From critically acclaimed author and Japanese scholar Lesley Downer, an enchanting portrait of the mysterious world of the geisha.
Ever since Westerners arrived in Japan, they have been intrigued by Japanese womanhood and, above all, by geisha. This fascination has spawned a wealth of extraordinary fictional creations, from Puccini's Madama Butterfly to Arthur Golden's Memoirs of a Geisha. The reality of the geisha's existence, though, whether today or in history, has rarely been addressed.
Contrary to popular opinion, geisha are not prostitutes but, literally, "arts people." Their accomplishments include singing, dancing, playing a musical instruments; but above all, they are masters of the art of conversation, soothing the worries and stroking the egos of the wealthy businessmen who can afford their attentions. It is this which imbues the geisha with such power—and which makes absolute secrecy such a crucial aspect of their work.
As denizens of a world defined by silence and mystery, geisha are notoriously difficult to meet and even to find. Lesley Downer, an award- winning writer, Japanese scholar, and consummate storyteller, gained more access into this world than almost any other Westerner ever has and spent several months living among them. In Women of the Pleasure Quarters, she weaves together intimate portraits of modern geisha with the romantic legends and colorful historical tales of geisha of the past.
From Sadda Yakko, who dined with American presidents and had her portrait painted by Picasso, to Koito, a modern-day geisha who maintains her own website, geisha throughout history step out of the pages of Women of the Pleasure Quarters to become living, breathing creatures. Looking into such traditions as mizuage, the ritual deflowering which was once a rite of passage for all geisha, and providing colorful depictions of the geisha's dress, training, and homes, Downer, with grace, elegance, and respect, transforms their reality in a captivating narrative that both informs and entertains.
At once a symbol of a bygone age and an institution more quintessentially Japanese than any other, geisha are a society at a crossroads, struggling to reinvent their place in the new millennium while honoring the traditions of the past. Both instructive and evocative, Women of the Pleasure Quarters is an enthralling portrait of a world unlike any other.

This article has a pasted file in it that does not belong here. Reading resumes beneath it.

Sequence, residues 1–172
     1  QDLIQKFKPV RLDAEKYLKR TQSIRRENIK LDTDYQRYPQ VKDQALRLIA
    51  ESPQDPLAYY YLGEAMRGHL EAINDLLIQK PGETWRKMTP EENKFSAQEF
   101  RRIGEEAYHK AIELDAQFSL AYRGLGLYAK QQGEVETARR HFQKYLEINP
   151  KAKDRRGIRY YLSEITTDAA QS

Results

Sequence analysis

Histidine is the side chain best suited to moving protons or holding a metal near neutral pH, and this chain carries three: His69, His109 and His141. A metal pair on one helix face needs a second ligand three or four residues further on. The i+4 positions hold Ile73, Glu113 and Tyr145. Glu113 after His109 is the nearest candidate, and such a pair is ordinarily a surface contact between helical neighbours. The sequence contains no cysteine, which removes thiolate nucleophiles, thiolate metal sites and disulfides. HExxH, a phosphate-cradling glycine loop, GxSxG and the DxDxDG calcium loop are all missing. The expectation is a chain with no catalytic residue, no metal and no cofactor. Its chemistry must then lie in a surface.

Inspired by Arthur Golden's massively popular Memoirs of a Geisha to "meet the real geisha" in the last stronghold of geisha training in Japan, Downer skillfully intertwines her profiles of Kyoto personalities and tea-house customs with a fluidly written geisha history that's unabashedly aimed at a Western audience. Author of On the Narrow Road and The Brothers: The Hidden World of Japan's Richest Family, Downer was no stranger to the country. However, she found the entrance to the "geisha world" heavily guarded. She writes: "I was always an outsider, I could never step through the looking glass." But small successes (finding the right cakes to present to "the mama," a very powerful geisha) and patience eventually won Downer a place at events that are "utterly closed to outsiders." These included an invitation to a young girl's misedashi ("store opening"), the "rite of passage" from trainee to geisha. We also learn, for example, of the distinction that has developed between a prostitute and a geisha (which translates as "arts person"), who undergoes intense and lengthy apprenticeships in dance and music. Written in dynamic, highly readable prose, the book is supported by exhaustive research and a lengthy bibliography. Readers who were as smitten with Golden's geisha as Downer was will find this good companion reading. Photos.